A recent study assessed if laws pertaining to the screening and reporting of hepatitis B may increase identification in pregnant women and thus, allow for more infants who have been exposed to the virus to receive post-exposure prophylaxis.
*Updated on 12/05/2016 at 11:06 AM EST
Because mother-to-child transmission (MTCT) of hepatitis B virus (HBV) is considered preventable, the standard of care in the United States is to screen pregnant women for HBV. Identification of HBV-positive pregnant women is all the more important because then healthcare providers can administer postexposure prophylaxis (PEP) to HBV-exposed infants as soon as possible. Post-exposure prophylaxis can prevent MTCT and ultimately save a child’s life; however, the window of opportunity to administer it is very small.
In 90% of infants, HBV progresses into chronic HBV, and 25% of these infants end up dying due to liver failure or liver cancer. By administering PEP to HBV-exposed infants within 12 hours after birth, 95% of cases of MTCT can be prevented. With the idea that laws pertaining to screening and reporting may increase identification of HBV in pregnant women, thereby allowing for more exposed infants to receive PEP, in 2014, researchers from the Centers for Disease Control and Prevention’s Public Health Law Program took a closer look at laws within the United States and the District of Columbia, current through December 31, 2013, related to HBV infection in general and HBV-positive pregnant women in particular.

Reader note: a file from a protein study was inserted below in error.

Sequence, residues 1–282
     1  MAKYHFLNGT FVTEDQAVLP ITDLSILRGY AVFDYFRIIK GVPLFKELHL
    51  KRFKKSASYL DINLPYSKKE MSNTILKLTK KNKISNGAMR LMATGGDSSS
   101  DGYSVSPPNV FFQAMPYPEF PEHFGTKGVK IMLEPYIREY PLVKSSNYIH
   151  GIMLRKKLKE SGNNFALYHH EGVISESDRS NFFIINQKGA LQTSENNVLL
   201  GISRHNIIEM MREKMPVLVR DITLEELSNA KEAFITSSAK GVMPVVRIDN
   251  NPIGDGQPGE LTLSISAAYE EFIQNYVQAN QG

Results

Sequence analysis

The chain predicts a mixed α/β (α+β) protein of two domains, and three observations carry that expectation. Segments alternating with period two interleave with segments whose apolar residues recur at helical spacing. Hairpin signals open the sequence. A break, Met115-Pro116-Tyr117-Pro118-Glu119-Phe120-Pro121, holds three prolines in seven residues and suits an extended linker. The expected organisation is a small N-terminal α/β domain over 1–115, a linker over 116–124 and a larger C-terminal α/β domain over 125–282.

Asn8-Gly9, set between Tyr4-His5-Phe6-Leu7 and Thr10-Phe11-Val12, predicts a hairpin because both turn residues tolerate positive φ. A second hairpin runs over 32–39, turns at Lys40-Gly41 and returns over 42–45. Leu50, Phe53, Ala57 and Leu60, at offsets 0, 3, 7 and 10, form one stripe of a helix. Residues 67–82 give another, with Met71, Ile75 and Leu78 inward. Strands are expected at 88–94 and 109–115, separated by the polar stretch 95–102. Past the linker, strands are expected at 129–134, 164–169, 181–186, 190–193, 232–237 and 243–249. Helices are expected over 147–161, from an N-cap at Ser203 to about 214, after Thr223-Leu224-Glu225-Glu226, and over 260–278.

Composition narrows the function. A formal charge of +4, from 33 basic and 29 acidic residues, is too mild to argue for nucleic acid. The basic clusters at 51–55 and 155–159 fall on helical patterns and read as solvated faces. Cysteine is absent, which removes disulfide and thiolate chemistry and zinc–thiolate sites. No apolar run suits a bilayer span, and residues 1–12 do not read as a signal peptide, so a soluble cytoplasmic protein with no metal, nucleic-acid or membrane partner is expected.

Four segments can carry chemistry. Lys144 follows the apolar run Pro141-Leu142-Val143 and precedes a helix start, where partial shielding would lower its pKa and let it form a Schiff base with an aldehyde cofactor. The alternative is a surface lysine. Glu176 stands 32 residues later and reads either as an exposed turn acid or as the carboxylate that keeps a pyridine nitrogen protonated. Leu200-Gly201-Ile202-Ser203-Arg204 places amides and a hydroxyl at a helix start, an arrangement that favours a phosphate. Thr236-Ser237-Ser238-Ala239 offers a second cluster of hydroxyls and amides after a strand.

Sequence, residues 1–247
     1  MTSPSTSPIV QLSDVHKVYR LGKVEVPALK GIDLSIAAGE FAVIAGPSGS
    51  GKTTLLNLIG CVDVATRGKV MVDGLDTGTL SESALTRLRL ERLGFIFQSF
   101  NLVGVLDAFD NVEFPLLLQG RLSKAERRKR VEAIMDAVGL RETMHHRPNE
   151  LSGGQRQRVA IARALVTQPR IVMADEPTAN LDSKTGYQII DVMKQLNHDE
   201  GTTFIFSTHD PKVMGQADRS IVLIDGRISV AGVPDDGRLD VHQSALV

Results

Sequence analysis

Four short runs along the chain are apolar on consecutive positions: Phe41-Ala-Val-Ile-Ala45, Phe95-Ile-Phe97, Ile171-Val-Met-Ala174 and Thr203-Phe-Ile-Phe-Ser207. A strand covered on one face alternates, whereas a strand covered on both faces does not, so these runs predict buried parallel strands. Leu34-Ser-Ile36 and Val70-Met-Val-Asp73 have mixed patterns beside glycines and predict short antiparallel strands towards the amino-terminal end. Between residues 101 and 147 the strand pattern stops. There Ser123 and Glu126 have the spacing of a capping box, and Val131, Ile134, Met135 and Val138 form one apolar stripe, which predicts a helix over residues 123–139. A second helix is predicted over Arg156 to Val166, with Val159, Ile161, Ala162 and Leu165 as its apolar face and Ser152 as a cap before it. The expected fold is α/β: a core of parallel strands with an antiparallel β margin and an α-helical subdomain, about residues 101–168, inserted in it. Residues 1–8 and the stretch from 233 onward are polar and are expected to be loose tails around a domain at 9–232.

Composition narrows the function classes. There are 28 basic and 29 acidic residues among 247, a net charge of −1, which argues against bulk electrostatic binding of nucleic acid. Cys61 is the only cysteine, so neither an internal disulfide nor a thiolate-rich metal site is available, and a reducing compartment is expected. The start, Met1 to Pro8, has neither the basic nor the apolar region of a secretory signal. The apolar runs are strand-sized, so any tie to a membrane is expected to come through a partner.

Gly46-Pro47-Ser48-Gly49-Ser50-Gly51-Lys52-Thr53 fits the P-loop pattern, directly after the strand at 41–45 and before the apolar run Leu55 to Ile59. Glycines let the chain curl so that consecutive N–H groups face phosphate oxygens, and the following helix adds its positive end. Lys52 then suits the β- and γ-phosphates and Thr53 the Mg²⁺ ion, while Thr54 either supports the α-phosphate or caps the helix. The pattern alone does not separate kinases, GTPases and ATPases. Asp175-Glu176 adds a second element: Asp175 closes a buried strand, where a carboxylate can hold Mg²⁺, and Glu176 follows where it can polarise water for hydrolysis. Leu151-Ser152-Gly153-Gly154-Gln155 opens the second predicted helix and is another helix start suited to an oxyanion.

The questions that the researchers sought to answer were:
• Does the jurisdiction require screening of pregnant women specifically for HBV infection or hepatitis B surface antigen (HBsAg)?
• Does the jurisdiction require reporting of HBV infection or HBsAg in pregnant women?
• Does the jurisdiction require general reporting of HBV infection?
• Does the jurisdiction require reporting the pregnancy status of women who have HBV infection or who test positive for HBsAg?
In order to explore all of the different laws and statutes pertaining to the screening and reporting of HBV infection, the researchers used WestLawNext, a legal research service. They found that although all states require HBV cases to be reported, only 26 require HBV screening for pregnant women. Additionally, whereas 23 states require public health reporting of pregnant women who test positive for HBV, only 12 require reporting pregnancy status in HBV-positive women. Not knowing that status makes it harder for the healthcare community seeking to reduce MTCT of HBV, such as through the Perinatal Hepatitis B Prevention Program, whose goal is to identify and assist all HBV-positive pregnant women within their particular jurisdiction. According to the authors, there were a number of limitations to their assessment: the researchers did not closely analyze the adherence of each state to these laws and statutes, nor did they note that a number of the laws may have changed since their assessment.
The authors concluded, “As new laws are considered to reduce MTCT of HBV infection, several provisions to increase the effectiveness of screening and reporting could be considered. Requiring all pregnant women to be screened for HBsAg at either the initial prenatal visit or at admission for delivery if there is no record of test results, and reporting pregnancy status in HBsAg-positive women, could increase the number of women identified for prenatal intervention. Further, requiring reporting of positive test results within 1 day could increase the number of women identified in time for intervention.”
With new laws that focus on increasing the identification of HBV-positive pregnant women, public health officials can intervene within the limited window of opportunity they have and ultimately save a number of infants from HBV-related deaths.